1. Wartime Machines and Wartime Marooning
The Film Dalu 大路 (Lianhua Studios, Shanghai, 1934, Dir. Sun Yu (1900-1980)) is incontrovertibly a B class film, using Hollywood borrowed sub-plots and role-playing to spin a yarn of Resist Japan, much earlier than the Resist Japan art film hit its stride (if it ever did).
But as if by accident it tells its tale in a distinctly Magic(al) Realist mode, this well before that genre was in play globally. It is “about” the isolation (sometimes poetic or freedom-tolerant, at other times demeaning or dangerous, an unwanted condition) of backwater China, a country of meager roads and dependence on river transport, though we do not get to see see to much it in “magical” construct, except where it links to freelarking and custom-defiant cavorting by the “Leonora” -Mo Li – the “plus” side of isolation, for a puckish figure of the sort she plays could scarcely be imagined or scripted in an urban setting.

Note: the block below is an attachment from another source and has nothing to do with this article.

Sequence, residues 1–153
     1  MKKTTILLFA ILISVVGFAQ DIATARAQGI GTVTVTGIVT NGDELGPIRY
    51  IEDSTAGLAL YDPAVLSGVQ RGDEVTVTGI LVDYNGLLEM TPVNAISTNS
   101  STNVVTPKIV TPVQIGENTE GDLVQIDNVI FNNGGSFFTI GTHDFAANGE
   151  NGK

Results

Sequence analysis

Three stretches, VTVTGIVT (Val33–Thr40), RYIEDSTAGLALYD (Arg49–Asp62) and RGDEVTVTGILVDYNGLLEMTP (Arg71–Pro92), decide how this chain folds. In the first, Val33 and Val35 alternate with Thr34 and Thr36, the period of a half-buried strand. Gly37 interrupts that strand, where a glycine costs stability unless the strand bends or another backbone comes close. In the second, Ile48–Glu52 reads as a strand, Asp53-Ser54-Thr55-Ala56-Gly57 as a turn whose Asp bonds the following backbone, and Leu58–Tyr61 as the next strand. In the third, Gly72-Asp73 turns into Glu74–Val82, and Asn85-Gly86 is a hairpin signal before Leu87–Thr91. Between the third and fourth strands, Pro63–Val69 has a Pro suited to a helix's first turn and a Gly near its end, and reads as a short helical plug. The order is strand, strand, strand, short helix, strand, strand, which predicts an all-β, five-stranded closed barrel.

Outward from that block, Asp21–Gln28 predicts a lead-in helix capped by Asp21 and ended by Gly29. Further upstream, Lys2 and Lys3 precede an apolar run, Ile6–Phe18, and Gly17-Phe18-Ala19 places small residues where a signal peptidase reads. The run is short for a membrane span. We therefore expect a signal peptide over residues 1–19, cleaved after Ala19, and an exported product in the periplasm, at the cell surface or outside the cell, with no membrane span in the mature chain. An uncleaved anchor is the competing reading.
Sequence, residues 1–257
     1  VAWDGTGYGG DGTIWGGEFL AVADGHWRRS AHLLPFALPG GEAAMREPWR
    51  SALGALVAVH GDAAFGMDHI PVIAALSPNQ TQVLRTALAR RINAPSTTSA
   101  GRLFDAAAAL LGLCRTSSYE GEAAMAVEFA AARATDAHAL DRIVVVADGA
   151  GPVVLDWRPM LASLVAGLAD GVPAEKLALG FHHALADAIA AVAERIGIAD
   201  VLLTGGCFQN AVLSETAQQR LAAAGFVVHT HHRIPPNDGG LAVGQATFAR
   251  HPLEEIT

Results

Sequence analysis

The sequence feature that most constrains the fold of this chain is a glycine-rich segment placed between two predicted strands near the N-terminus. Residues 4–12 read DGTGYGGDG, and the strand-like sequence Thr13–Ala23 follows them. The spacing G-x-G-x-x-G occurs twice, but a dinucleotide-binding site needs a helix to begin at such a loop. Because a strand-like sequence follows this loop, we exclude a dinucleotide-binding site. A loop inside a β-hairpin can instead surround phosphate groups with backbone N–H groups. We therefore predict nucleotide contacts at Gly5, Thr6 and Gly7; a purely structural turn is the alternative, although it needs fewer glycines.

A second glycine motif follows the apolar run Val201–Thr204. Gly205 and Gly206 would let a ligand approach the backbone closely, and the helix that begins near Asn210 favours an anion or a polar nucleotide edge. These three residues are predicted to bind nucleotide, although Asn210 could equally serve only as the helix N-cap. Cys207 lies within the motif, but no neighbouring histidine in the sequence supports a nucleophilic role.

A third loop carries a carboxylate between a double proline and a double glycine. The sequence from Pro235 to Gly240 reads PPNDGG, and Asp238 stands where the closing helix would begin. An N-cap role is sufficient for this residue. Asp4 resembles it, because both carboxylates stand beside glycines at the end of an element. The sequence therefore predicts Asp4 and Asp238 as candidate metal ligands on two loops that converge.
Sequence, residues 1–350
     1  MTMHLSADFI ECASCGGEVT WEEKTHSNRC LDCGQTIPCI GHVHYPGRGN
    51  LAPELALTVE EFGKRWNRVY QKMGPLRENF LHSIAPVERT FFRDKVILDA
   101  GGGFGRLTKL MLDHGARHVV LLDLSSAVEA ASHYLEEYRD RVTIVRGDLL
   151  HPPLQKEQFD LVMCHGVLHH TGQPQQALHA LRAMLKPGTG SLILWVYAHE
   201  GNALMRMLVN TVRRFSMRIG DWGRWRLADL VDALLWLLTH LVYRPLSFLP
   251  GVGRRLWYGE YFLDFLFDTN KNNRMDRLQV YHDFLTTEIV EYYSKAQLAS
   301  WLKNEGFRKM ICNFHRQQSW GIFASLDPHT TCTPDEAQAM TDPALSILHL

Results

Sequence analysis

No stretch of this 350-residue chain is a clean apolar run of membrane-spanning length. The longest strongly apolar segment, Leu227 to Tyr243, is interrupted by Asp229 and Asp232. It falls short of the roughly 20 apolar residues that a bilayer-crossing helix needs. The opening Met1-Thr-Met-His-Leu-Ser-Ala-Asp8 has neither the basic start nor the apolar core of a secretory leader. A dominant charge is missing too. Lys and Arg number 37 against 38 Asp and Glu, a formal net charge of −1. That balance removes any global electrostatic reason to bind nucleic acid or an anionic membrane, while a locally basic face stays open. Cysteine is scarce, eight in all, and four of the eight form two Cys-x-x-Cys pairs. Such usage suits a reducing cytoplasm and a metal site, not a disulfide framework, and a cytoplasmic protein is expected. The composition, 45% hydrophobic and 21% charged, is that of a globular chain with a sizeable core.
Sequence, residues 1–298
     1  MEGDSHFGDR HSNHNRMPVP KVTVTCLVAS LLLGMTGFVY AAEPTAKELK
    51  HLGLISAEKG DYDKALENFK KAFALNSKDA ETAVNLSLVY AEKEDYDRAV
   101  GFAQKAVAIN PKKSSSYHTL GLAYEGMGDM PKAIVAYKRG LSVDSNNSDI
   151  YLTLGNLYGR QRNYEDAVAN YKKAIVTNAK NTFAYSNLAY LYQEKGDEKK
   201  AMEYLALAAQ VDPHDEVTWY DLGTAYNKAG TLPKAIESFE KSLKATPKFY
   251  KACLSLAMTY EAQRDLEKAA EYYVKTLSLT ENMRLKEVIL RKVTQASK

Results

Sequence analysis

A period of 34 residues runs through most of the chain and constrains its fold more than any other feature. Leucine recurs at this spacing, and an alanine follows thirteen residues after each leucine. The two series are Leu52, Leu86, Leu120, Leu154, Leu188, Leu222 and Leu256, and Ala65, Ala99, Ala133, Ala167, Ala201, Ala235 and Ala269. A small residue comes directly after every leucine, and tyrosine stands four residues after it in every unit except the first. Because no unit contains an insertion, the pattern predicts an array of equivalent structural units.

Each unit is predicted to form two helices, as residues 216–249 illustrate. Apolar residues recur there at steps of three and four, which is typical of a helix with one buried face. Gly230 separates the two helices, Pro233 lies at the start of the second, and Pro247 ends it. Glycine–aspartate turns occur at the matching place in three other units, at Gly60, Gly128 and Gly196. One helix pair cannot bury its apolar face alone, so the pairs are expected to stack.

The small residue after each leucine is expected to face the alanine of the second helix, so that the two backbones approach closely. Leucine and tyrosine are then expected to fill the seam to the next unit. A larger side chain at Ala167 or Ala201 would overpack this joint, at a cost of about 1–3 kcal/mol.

To start: where are we? Again in Magical Realist mode, in a static nowhere land: perhaps in the Huai basin (Anhui)- [in the heartbreaking “documentaries” of flood victims, shown as Li Lili sings of Fengyang, in the Huai catchment, where Good Earth is also set]; perhaps along the Zhejiang/Anhui border where the Huling Pass (terminus of the road) is actually located; but certainly divorced from the metrocenter of Shanghai. The DEPARTURE from which is the story told in part 5 (20:00 ff) of the film, and even set to its own diegetic harmonica music. (An instrumental pre-quote of the song “Songstress under the Boot” 铁蹄下的歌女, “themesong” of 风云儿女 (1935), also composed by Nie Er, an “aria” of/for an extra-urban wandering female musician).